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Point 5 - Regency Ramsgate
Ramsgate became a fashionable resort between 1780 and 1840. Royalty and the money-classes visited and settled here. On this leg of the walk you'll see Regency architecture and a very sorry looking public library.
Just before you begin walking down Chapel Place notice the ship's anchor in the garden on your left.
Notice the unusual blue bay windows that protrude from the mock tudor house at the far end of the street. This used to be the vicarage of St George's Church. It is now an adult education centre although no classes are held there.
At the end of Chapel Place turn left down Elms Avenue and you will see on the left the Almshouses of the Parish of St George "built, endowed and dedicated to the poor... by the will of Frances Barber".
Take the first left road after the Almshouses into Clarendon Gardens and you'll see Clarendon House Grammar School on your right. Walk past the school towards a lovely flint wall and walk to the right of the wall.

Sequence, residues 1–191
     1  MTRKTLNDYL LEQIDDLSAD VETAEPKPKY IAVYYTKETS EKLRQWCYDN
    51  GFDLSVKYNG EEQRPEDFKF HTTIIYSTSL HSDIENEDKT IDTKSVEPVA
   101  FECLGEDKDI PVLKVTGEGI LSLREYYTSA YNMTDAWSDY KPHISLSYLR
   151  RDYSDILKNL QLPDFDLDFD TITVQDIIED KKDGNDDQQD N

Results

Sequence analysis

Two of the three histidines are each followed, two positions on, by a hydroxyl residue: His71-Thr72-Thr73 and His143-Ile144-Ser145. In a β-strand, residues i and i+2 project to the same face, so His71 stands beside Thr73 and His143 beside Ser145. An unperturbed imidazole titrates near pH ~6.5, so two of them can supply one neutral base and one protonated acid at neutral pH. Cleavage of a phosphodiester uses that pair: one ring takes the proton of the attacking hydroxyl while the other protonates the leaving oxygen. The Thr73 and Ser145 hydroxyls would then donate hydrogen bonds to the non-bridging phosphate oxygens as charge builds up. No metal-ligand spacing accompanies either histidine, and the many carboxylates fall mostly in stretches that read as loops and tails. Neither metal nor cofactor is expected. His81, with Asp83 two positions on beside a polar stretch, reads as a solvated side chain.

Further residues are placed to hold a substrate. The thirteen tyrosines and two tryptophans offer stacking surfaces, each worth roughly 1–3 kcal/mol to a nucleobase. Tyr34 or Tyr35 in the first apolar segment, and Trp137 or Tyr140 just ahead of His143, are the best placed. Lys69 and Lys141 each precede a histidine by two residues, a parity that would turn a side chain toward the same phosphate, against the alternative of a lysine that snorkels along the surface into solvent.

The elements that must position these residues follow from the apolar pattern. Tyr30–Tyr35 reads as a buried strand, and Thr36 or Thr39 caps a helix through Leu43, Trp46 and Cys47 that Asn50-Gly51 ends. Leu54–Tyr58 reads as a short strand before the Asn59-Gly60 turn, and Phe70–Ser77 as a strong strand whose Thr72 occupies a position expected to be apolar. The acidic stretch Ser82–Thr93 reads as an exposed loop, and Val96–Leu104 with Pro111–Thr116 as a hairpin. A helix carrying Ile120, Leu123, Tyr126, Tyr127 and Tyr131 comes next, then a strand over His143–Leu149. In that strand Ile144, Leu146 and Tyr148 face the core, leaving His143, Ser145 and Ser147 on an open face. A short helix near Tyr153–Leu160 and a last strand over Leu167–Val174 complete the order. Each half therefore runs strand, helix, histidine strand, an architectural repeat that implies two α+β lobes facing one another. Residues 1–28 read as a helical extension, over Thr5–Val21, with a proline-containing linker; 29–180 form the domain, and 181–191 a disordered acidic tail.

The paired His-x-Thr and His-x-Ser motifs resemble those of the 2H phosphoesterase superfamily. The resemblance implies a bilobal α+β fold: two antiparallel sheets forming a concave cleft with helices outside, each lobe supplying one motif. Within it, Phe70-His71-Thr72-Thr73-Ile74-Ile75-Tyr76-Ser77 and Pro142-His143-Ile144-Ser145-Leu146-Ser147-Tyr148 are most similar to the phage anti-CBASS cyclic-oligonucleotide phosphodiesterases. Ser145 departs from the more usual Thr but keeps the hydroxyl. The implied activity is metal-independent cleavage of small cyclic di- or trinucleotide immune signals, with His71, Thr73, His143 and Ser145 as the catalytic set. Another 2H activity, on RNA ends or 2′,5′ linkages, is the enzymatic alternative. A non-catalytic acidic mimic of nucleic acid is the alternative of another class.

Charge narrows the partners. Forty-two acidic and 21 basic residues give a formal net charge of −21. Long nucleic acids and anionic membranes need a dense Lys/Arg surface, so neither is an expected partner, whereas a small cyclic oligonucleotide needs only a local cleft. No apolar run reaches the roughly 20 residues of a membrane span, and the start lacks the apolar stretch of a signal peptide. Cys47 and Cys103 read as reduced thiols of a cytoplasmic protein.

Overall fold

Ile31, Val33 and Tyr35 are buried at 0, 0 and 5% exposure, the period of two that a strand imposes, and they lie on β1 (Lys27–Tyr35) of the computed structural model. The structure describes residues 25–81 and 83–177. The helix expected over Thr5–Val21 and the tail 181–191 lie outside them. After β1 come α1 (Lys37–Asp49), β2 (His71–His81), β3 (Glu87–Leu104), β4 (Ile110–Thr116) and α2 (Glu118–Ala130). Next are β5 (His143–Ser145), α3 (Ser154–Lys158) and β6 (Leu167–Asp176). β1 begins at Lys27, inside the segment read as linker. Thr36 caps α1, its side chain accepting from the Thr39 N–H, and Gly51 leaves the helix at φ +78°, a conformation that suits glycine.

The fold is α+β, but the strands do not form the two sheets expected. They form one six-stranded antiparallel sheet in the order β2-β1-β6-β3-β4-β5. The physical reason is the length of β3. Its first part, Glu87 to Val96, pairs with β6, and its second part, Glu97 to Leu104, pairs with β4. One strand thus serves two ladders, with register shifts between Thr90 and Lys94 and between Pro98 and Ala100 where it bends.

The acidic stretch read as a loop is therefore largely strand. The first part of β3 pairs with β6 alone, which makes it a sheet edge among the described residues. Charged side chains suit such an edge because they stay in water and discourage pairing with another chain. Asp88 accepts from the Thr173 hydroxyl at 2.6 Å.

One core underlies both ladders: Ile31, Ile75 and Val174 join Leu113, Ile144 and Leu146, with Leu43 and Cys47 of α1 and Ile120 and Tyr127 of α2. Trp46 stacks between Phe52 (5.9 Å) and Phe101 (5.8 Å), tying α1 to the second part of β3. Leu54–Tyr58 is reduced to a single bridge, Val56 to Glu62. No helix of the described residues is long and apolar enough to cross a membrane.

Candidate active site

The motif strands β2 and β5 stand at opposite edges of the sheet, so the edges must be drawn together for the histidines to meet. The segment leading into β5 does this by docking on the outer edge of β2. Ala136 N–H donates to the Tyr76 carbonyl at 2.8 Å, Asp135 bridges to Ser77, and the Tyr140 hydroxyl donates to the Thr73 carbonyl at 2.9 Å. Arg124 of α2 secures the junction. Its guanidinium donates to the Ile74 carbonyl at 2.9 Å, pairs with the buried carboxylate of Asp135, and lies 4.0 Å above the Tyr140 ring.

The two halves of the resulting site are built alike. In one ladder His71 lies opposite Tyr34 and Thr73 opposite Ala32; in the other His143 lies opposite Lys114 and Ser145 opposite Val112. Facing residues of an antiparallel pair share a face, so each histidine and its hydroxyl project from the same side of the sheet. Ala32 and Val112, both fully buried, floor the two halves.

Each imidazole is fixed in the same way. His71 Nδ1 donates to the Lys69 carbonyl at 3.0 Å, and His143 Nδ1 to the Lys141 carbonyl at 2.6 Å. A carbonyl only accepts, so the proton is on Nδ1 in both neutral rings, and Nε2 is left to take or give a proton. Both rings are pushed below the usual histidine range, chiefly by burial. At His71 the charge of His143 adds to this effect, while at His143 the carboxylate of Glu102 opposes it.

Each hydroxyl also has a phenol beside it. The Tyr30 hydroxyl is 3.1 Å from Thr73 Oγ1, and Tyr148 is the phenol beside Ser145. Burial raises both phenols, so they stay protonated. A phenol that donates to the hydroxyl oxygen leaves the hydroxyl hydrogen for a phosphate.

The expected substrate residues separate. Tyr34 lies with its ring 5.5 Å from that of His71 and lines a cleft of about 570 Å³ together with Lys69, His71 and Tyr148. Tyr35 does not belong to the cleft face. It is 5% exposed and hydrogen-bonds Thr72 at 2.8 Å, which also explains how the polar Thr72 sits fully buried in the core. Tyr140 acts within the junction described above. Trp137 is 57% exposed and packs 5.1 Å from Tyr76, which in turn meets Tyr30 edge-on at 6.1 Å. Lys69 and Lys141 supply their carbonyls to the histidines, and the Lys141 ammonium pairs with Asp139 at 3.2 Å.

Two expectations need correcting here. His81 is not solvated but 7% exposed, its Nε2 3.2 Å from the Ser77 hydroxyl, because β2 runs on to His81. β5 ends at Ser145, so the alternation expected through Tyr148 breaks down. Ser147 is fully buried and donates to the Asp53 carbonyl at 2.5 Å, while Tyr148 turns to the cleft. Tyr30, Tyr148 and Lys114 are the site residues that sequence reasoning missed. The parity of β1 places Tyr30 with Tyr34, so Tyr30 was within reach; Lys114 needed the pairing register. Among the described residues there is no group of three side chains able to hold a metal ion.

He said of his very generous donation: "A man dies disgraced if he leaves millions of dollars which he could have used in his life time for the benefit of Mankind."
Opposite the library is Guildford Lawn, our next stopping point.
Remnants of the public library
This crescent is in the Regency style which was very fashionable from the beginning of the 19th century until about 1830. Wander around the crescent and you’ll see the painted stucco, curved bays, round headed doorways and sash windows that are typical features of this style.
William Saxby built the beautiful houses in 1842. But alas they lost their lawns as a Mr Beer gradually bought them one-by-one and resold them garden-less to make room for Lawn Villas which now stands on the spot.
It is said that Karl Marx’s daughter used to stay in one of the houses in Guildford Lawn.
Once you come to the end of the crescent go straight down Effingham Street, the road opposite.
last updated: 06/03/2008 at 14:22